How to Keep Hydro-Electric Components Under Control

Long before the Green Party and concerns about global warming and Peak Oil, people were already asking why Britain makes so little use of hydro-electric power. Countries like Norway, Sweden, Switzerland, Germany, Austria and France are way ahead of us. In fact, 24% of the world’s total energy output is from hydro-electric power stations. In the UK it is 1.5%.

Hydro-Electric Components Under Control

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While steep mountains and gorges sometimes help, they are not essential and often a hindrance. A study from the World Atlas of Hydropower and Dams indicates the UK has much to gain from increasing investment in small-scale hydro-electric plants. An additional 900 MW from hydro has been proposed as a moderate target (see

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Hydro-electric in Britain has always had a bootstrap problem: because it is inexperienced in hydro-electric generation, it does not have the capital, skilled labour and entrepreneurs to invest; because it does not invest, it lacks the capital, skilled labour and entrepreneurs.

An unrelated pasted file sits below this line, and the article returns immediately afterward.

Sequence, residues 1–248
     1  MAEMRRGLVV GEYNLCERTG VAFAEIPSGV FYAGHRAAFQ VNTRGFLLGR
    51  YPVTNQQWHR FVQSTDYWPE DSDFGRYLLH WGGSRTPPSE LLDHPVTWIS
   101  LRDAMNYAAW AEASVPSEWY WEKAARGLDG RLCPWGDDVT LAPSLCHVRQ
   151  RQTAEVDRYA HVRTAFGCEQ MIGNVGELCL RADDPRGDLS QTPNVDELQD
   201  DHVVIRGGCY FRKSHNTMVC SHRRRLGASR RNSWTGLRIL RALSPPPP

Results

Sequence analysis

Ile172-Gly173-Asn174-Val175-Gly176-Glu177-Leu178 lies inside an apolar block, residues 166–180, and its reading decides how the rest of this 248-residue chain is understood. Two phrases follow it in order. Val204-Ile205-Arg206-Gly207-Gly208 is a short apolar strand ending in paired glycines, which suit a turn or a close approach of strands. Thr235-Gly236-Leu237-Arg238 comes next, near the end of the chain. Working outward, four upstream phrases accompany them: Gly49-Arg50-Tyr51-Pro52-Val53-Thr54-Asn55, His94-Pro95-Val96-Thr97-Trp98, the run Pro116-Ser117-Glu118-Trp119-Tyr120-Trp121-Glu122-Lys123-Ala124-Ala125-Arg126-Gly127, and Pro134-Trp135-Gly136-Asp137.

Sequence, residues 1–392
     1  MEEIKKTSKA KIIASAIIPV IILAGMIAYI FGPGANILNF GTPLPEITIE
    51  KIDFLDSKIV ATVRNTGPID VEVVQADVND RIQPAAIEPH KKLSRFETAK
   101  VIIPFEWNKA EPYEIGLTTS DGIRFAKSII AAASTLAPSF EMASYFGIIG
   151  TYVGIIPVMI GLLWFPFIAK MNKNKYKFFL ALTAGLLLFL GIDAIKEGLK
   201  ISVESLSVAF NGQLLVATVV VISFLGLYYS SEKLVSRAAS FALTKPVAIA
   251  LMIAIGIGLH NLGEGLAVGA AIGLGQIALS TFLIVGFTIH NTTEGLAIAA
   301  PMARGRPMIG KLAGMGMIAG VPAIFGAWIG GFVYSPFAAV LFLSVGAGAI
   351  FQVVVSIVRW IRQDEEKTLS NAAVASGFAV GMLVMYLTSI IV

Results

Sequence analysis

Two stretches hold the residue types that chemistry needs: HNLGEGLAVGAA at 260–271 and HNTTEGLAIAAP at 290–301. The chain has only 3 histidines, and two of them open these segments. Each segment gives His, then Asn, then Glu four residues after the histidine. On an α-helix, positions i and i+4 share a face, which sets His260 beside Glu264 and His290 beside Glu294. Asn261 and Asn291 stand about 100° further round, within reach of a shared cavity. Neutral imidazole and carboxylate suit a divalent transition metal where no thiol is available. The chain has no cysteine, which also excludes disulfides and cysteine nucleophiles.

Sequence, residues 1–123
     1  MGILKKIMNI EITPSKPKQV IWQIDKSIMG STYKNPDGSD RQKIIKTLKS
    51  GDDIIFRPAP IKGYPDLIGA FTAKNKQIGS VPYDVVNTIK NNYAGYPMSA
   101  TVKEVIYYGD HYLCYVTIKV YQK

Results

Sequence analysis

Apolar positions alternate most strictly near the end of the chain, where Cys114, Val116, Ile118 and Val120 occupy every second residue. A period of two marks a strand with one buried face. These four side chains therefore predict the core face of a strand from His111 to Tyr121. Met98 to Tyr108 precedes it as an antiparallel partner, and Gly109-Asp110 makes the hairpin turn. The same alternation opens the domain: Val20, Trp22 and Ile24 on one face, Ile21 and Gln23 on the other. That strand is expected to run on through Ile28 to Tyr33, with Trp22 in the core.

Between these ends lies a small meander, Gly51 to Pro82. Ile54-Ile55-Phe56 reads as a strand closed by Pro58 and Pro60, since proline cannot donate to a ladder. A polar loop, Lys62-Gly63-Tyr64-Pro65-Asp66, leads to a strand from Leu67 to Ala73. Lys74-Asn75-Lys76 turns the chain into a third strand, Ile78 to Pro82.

Plant construction is complicated from the civil engineering point of view. River management, underground generators, environmental risks and access logistics are all difficult to manage, but hardly impossible.

Hydro-Electric Components Under Control

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While most of us assume the management of nuclear power plants is difficult and risky, management of hydro-electric plants is no holiday either. Numerous things can go wrong and require swift attention. Without an experienced workforce, investors tend to view hydro-plant operation as a much bigger challenge than is perhaps the case. Continue reading How robots are creating more efficient warehouses


The recent availability of intelligent technologies like AI, the IoT and safer electrical control components can offer new solutions. A good deal of the labour and decision-making involved in operating a power plant can now be delegated to automated machinery able to do it better, safer and without human fatigue. Most of the components needed to regulate plant machinery and link them to centralised control rooms can already be found in the catalogues of electrical suppliers like

Today’s control and monitoring software can gather vast amounts of data from almost any component in a plant, factory, vehicle or residential building. By continual processing of this data, AI systems are no longer restricted to making pre-programmed responses but can actually teach themselves to run the station better. The amount of human labour and human know-how needed to run a modern hydro-electric plant is therefore now radically less than investors seem to think.

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